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Thermal chemistry is a sub-topic of thermodynamics.

Â So we need a little introduction to thermodynamics.

Â If you continue on to the next chemistry class,

Â which we've called advanced chemistry, we will study thermodynamics in lot more

Â detail, but let's define thermodynamics here.

Â Thermodynamics is the scientific study of the interconversion of heat and

Â other kinds of energy.

Â So we know that thermochemistry deals with heat.

Â In thermal dynamics we will talk about other types of energy,

Â like Gibbs free energy, for example.

Â But we will focus here on, as I said, on this chapter on just the heat portion.

Â As we study thermodynamics, we need to find something called a state function,

Â or the state of the system.

Â The state of the system is all of the values of all the r,

Â relevant macroscopic properties.

Â So, what temperature is it?

Â That would be part of the state of a system.

Â What is in pressure if it is a gas?

Â 1:13

How much energy is in it?

Â What is its temperature?

Â What is its pressure as I've mentioned, maybe what's its volume?

Â How much do you have volume wise?

Â Now as we talk about the state of the system and we define these things

Â that give you the relevant, relevant macroscopic properties of that system.

Â Some of those are called state functions.

Â These would be the properties that are determined by the state of the system,

Â regardless of how you achieved that condition.

Â 1:49

If I have a an object and I say that it's 6 ounces.

Â Okay, let's say volume amount.

Â Well it's going to be 6 ounces regardless of how you got there.

Â Here in the United States we have Cokes and

Â they come in twelve ounce cans or beverages of various kinds.

Â Come in a twelve ounce can.

Â Now if I had drank half of it, it would be 6 ounces.

Â If it were an empty can and

Â at the factory they only put 6 ounces in, it would be 6 ounces.

Â So it wouldn't matter how you got there.

Â 6 ounces is 6 ounces regardless of how you achieve that.

Â 2:30

So the magnitude of change when you have a state

Â function only depends upon the initial and the final value.

Â We call this path independent.

Â So with our example of our soft drink,

Â did it get 6 ounces because it was full and I drank half?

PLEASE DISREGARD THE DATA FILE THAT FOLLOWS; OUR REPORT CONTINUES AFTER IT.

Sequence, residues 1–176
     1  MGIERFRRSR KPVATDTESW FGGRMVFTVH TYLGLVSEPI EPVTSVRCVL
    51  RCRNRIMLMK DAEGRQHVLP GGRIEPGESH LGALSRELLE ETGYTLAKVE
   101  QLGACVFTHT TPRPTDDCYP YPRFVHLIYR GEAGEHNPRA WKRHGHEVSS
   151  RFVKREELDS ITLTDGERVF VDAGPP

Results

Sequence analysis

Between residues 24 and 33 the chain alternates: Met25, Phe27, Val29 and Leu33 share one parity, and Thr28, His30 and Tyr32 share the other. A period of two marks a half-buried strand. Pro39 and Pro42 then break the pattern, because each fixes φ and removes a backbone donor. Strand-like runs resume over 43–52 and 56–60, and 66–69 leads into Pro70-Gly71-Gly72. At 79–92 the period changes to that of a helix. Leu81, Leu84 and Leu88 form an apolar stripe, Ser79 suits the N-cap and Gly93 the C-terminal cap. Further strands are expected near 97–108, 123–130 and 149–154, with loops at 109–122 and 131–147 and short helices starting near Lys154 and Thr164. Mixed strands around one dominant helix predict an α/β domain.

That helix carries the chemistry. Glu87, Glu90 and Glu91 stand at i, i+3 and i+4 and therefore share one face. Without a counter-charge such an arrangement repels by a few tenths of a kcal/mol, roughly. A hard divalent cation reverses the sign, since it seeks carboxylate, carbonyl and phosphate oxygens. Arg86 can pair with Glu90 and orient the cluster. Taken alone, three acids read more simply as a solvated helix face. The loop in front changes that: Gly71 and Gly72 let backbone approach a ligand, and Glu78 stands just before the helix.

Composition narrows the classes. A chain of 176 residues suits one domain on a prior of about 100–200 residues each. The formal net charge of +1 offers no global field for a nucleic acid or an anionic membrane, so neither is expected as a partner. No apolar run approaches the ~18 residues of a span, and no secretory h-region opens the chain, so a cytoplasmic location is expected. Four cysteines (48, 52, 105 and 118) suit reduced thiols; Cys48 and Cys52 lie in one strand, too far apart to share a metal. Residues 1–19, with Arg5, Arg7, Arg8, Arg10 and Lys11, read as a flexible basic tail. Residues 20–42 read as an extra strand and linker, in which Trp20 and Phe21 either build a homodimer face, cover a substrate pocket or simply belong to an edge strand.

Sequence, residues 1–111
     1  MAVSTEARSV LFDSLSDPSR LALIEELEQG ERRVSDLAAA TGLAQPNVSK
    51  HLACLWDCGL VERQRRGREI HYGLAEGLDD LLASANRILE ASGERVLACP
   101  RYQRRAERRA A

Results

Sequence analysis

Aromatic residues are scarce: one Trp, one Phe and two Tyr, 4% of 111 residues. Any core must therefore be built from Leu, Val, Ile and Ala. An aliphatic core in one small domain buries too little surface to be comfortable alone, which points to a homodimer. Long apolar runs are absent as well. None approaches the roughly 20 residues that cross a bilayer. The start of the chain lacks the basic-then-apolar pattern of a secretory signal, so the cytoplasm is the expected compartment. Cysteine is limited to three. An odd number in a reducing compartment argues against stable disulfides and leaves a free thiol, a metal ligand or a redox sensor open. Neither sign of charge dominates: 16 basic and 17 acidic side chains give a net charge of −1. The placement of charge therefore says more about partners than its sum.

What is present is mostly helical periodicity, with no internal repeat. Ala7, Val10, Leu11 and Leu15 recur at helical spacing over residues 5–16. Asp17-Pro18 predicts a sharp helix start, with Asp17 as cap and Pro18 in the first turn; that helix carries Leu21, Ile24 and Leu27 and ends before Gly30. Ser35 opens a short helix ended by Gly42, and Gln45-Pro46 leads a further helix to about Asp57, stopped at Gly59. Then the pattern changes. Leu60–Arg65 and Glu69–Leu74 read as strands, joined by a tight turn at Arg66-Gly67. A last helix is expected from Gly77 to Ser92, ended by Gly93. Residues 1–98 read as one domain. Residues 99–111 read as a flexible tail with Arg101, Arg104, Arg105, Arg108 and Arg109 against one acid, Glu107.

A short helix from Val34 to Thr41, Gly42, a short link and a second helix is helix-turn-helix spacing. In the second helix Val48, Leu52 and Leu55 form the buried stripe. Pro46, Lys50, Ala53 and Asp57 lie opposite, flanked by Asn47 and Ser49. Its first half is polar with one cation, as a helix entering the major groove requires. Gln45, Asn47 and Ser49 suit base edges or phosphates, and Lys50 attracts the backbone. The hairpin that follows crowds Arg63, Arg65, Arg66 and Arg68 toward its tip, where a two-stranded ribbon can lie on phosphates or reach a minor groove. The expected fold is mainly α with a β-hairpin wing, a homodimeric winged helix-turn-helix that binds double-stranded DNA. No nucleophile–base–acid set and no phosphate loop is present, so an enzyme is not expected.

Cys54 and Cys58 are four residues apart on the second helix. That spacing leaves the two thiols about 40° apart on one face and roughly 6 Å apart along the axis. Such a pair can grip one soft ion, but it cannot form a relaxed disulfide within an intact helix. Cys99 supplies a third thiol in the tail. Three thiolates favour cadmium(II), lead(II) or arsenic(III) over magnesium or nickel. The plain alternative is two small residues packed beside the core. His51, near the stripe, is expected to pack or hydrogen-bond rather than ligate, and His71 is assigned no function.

Â Okay, so final minus initial would be 6 ounces, minus the 12 I started with and

Â I had a change of 6 ounces.

Â Or, did I drink 9 ounces and then spit three back in.

Â All right, that would, that wouldn't matter.

Â It'd be the change overall of 6 ounces.

Â So, for a change in volume, we always will talk about final minus initial.

Â We'll see this often.

Â So, a change is always the final value minus initial value.

Â And it doesn't matter anything else in between, just where you ended and

Â where you started.

Â 3:34

Here's some other examples of state functions.

Â We could talk about energy.

Â It wouldn't matter whether it was total internal energy, kinetic energy,

Â potential energy.

Â Energy is a state function is abbreviated with an E.

Â Capitol E we might use KE for

Â kinetic energy in which case we use a capitol K and a capitol E, and so forth.

Â 4:04

Pressure, that's another one where it is going to

Â be a capital P where we have a change in pressure, we only care what the final and

Â initial, it won't make a difference.

Â 4:14

So we say that state functions are path independent.

Â So these two people climbed up the hill.

Â Some things are path dependent and somethings are path independent.

Â The altitude would be path independent.

Â It's change, where those people are standing, they are at the same at,

Â the altitude.

Â Where they started and

Â where they finished, it doesn't matter what path they took.

Â The change in amplitude would be exactly the same.

Â Another one would be the amount of energy by virtue of the people's position.

Â Where are they now?